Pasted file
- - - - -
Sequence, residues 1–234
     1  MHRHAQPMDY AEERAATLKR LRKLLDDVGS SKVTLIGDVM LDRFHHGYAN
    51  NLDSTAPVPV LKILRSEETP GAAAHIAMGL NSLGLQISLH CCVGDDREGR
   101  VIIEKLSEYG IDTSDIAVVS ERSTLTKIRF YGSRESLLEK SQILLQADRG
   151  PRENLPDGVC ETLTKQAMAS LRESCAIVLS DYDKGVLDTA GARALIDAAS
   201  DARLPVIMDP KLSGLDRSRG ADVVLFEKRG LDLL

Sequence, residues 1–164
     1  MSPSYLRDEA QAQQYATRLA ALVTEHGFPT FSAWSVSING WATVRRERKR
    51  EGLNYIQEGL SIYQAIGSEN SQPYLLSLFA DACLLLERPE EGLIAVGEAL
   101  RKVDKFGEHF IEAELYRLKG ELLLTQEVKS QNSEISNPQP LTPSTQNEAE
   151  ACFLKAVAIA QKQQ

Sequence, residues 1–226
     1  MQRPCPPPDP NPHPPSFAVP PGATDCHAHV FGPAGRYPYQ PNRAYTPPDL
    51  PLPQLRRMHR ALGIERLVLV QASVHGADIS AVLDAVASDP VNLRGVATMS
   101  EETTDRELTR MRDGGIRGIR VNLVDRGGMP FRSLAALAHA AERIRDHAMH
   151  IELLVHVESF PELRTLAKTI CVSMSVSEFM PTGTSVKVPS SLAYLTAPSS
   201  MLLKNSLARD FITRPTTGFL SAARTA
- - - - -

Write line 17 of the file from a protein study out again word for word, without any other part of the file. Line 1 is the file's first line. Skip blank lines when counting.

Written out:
   201  MLLKNSLARD FITRPTTGFL SAARTA